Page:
The use of antibiotics in the poultry industry

Hector M. Cervantes, DVM, MS, DACPV, Hon. MAM - Senior Manager, Poultry Veterinary Services Phibro Animal Health, Watkinsville, Georgia, USA

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Antimicrobial resistance in human and animal isolates in the E.U. remains a significant problem despite the bans of antibiotic growth promoters and the reductions in animal usage achieved over the past 20 years. In the U.S. over the past decades antimicrobial use in food-producing animals has been increasingly restricted by the Food and Drug Administration.

Introduction 

Even though most experts agree that the phenomenon of antimicrobial resistance is ancient and preceded the discovery and commercial use of antibiotics in both human and veterinary medicine and the main driver of antimicrobial resistance in humans is antimicrobial use in humans rather than animals and that lowering antimicrobial consumption by itself is not likely to result in measurable improvements in human health, the pressure to further restrict antimicrobial use in food-producing animals has continued. This pressure will continue although antimicrobial resistance in human and animal isolates in the E.U. remains a significant problem despite the bans of antibiotic growth promoters and the reductions in animal usage achieved over the past 20 years as evidenced by the latest report by European Food Safety Authority. Over the past decades antimicrobial use in food-producing animals in the U.S. has been increasingly restricted by the Food and Drug Administration Center for Veterinary Medicine (FDA-CVM). 

For example, years ago the FDA required changes to the labels for antimicrobials used in food-producing animals that showed prevention and control of specific diseases or pathogens, other labels indications not pertaining to prevention or control of specific diseases or pathogens were eliminated although growth promotion claims remained in effect.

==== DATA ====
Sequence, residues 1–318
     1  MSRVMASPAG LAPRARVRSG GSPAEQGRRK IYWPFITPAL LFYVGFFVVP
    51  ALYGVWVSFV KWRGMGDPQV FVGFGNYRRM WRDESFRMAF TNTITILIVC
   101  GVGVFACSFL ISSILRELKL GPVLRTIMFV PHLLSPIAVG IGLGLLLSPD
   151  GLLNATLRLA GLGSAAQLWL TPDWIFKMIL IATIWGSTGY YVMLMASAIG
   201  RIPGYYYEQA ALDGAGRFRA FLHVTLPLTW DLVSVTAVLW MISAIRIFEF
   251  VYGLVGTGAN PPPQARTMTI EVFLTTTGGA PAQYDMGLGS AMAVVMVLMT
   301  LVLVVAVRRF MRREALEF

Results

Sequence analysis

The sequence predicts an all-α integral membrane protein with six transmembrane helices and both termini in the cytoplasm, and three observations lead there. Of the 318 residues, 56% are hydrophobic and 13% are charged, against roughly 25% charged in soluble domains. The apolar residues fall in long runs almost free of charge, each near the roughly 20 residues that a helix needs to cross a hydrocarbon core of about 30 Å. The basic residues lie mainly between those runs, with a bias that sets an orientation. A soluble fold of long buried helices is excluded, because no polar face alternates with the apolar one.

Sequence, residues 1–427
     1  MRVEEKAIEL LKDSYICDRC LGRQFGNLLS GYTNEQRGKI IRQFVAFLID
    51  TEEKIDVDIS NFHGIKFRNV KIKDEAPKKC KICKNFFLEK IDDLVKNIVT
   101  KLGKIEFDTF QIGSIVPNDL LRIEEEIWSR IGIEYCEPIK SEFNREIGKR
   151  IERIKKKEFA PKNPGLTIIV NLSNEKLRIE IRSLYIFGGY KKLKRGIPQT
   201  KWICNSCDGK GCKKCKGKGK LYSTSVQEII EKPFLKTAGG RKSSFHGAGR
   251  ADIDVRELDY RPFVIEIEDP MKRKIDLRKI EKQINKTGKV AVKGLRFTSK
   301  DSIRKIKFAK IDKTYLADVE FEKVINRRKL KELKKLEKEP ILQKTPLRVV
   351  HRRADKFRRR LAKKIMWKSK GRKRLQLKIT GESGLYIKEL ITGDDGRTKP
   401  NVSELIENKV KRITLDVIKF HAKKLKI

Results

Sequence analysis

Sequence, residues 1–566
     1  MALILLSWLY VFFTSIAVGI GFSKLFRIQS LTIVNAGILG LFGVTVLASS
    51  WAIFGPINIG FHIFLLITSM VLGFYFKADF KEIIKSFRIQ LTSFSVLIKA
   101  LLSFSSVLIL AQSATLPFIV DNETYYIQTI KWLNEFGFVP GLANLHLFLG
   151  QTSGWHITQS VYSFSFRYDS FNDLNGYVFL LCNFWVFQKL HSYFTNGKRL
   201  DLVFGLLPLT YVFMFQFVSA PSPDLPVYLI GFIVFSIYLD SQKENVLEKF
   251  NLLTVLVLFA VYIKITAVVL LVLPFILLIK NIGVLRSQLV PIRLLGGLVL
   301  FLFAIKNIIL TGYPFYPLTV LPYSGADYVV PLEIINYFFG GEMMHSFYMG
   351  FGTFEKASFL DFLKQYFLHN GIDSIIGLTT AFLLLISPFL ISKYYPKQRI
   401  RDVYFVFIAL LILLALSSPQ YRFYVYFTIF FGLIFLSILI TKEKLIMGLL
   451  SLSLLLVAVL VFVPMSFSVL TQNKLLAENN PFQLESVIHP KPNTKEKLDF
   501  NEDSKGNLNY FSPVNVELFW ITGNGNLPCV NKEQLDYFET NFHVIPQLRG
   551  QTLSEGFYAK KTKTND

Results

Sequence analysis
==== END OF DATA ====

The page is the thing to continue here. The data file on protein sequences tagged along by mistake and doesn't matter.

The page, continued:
Since 1988 all antimicrobials approved for use in food-producing animals are only administered by prescription by a licensed veterinarian and since 2003 all new antimicrobials submitted for approval in food-producing animals must include a risk analysis detailing the likelihood of creating antimicrobial resistance and its potential for transfer to humans. In 2004 Congress passed the Animal Drug Use Clarification Act (AMDUCA) that permitted licensed veterinary practitioners to use drugs in an extralabel manner if they held a valid veterinarian client patient relationship (VCPR), however AMDUCA specifically excludes several antimicrobials like chloramphenicol, furazolidone, nitrofurazone, fluoroquinolones and glycopeptides.

In 2005 the fluoroquinolone, enrofloxacin, the most effective medication that the poultry industry has ever had to treat systemic infections caused by E. coli and other organisms was banned from use in poultry by the FDA-CVM over concerns about cross-resistance to the human analogue, ciprofloxacin, in Campylobacter jejuni, prior to that the manufacturer of sarafloxacin (another fluoroquinolone approved for use in poultry) had voluntarily agreed to discontinue sales in poultry.